1. Are you getting tired of sitting yet?
            Ha ha ha ha haaaa! No. Oh there are moments when I think "yeah I'm gonna get up off this zafu and walk out". But then I think it thru a little further- past the monks scolding me , and then I realize where can I walk to? Where really is there to go. I'm creating the whole ball of wax- and I'll still be there creating it no matter if it's in this monastery or some ideal monastery or on a Hawian beach surrounded by scantily dressed fellas. I recently did a week of solitude/zazen in the hermitage up in the woods here. It was a really intense experience. No place to run to. But then, there never is. Oh sure, there are distractions, but all new toys eventually lose our interest and we realize nothing has changed and we're off seeking a new distraction to fill in that hole- that feeling of something lacking.
            2. How would you describe your zazen practice? (This is not a trick question, Jean...)
            Hmmm...... Well,... Hmmm.... Have you read Bankei's Zen? That is an excellent book! Clouds come and go, but the sky remains un-perturbed. Sometimes my zazen is like that. Sometimes lotsa clouds. Sometimes clear skies. Sometimes I forget on purpose and go with the clouds. Oops. Really though, reading about Bankei and reading his teachings has greatly improved my zazen. I highly recommend it .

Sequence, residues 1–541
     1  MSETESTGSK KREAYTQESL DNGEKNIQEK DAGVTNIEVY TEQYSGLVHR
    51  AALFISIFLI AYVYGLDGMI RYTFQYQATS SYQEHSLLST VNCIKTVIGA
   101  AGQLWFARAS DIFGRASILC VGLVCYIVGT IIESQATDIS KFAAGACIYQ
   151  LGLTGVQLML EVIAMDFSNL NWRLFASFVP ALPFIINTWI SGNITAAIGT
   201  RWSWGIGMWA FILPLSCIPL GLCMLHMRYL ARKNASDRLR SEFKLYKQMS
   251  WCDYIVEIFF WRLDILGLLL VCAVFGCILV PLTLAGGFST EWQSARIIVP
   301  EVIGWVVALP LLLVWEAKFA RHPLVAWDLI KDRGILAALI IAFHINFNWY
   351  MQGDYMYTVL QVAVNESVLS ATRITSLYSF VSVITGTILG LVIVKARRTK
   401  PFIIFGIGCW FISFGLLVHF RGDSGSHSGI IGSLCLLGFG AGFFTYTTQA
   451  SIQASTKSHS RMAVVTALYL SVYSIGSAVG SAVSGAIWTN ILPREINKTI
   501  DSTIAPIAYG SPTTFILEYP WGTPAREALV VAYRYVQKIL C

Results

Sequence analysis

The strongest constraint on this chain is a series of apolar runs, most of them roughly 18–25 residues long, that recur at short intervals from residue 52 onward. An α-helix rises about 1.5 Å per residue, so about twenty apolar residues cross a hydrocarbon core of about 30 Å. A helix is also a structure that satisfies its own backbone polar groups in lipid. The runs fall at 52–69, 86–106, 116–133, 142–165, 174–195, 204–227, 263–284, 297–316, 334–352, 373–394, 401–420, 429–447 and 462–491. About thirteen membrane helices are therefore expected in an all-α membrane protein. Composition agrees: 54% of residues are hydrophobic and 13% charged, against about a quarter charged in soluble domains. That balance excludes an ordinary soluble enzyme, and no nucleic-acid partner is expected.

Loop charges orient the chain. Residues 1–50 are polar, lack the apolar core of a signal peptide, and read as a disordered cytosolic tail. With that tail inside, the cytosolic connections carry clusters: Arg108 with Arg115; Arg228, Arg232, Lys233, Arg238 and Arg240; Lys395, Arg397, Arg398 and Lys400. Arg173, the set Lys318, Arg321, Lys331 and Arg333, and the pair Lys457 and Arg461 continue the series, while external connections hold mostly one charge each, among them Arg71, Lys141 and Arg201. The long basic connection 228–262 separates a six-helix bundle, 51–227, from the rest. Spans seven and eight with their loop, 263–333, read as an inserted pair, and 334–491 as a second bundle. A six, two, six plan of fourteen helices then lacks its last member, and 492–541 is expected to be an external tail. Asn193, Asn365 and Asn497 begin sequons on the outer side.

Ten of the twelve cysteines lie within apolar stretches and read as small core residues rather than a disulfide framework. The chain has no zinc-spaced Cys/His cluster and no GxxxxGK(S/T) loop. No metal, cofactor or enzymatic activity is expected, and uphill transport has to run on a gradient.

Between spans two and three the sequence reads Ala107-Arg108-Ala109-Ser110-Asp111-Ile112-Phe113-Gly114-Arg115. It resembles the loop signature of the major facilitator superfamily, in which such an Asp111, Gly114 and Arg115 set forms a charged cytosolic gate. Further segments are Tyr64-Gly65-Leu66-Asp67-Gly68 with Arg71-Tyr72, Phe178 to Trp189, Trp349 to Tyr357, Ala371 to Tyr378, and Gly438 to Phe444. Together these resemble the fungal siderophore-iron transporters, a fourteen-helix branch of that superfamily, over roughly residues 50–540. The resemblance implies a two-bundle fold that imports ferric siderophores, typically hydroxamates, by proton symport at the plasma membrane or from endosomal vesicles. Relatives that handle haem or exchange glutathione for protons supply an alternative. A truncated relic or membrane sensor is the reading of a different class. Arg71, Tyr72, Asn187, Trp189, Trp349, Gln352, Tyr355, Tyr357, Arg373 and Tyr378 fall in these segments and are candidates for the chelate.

3. I have more cute questions, but we're out of space!!

Jean Ennis
P.O. Box 197
Mount Tremper NY 12457

The Moderator of the Board of Trustees is selected yearly by the Trustees after the Annual meeting. On occasion it happens that the current Moderator’s 3 year term as Trustee expires and a new, possibly inexperienced, moderator must take over the leadership. Our proposed changes would allow for the Immediate Past Moderator to remain on the Board as a voting member for one additional year, during which time the newly chosen Moderator and the Immediate Past Moderator would work together with the Board to ensure continuity of leadership. Members of the Society will be asked to vote on this amendment at the Annual Meeting on January 13th.

Greetings of the Season!!! What a blessing this church has with the many and diverse musicians who share their wealth with us all!!! It is really a joy for me to work with you all. We have such a "can do" choir. We may be small in numbers, but not in talent and spirit.
Now we are approaching two great services, Winter Solstice and Christmas Eve, where music is an important ingredient. And, don't forget caroling as a gift to those who may find it difficult to get out.